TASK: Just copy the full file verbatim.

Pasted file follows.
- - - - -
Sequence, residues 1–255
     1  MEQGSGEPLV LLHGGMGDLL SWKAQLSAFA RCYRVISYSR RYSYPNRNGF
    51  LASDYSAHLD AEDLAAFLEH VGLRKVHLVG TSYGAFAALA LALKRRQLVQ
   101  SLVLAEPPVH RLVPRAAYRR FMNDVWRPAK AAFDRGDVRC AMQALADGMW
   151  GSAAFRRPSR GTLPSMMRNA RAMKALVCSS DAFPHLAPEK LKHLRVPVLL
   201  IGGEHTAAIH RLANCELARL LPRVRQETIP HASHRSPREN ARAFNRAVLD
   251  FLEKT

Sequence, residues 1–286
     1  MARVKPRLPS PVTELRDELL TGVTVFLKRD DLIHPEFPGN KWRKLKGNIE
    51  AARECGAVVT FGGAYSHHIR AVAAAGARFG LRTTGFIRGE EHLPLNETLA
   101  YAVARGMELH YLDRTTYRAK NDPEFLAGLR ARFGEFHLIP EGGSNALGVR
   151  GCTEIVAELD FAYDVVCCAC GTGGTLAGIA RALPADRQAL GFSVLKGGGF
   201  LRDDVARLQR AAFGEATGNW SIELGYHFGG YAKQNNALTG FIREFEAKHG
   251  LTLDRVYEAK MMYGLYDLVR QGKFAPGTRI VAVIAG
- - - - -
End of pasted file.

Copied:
Sequence, residues 1–255
     1  MEQGSGEPLV LLHGGMGDLL SWKAQLSAFA RCYRVISYSR RYSYPNRNGF
    51  LASDYSAHLD AEDLAAFLEH VGLRKVHLVG TSYGAFAALA LALKRRQLVQ
   101  SLVLAEPPVH RLVPRAAYRR FMNDVWRPAK AAFDRGDVRC AMQALADGMW
   151  GSAAFRRPSR GTLPSMMRNA RAMKALVCSS DAFPHLAPEK LKHLRVPVLL
   201  IGGEHTAAIH RLANCELARL LPRVRQETIP HASHRSPREN ARAFNRAVLD
   251  FLEKT

Sequence, residues 1–286
     1  MARVKPRLPS PVTELRDELL TGVTVFLKRD DLIHPEFPGN KWRKLKGNIE
    51  AARECGAVVT FGGAYSHHIR AVAAAGARFG LRTTGFIRGE EHLPLNETLA
   101  YAVARGMELH YLDRTTYRAK NDPEFLAGLR ARFGEFHLIP EGGSNALGVR
   151  GCTEIVAELD FAYDVVCCAC GTGGTLAGIA RALPADRQAL GFSVLKGGGF
   201  LRDDVARLQR AAFGEATGNW SIELGYHFGG YAKQNNALTG FIREFEAKHG
   251  LTLDRVYEAK MMYGLYDLVR QGKFAPGTRI VAVIAG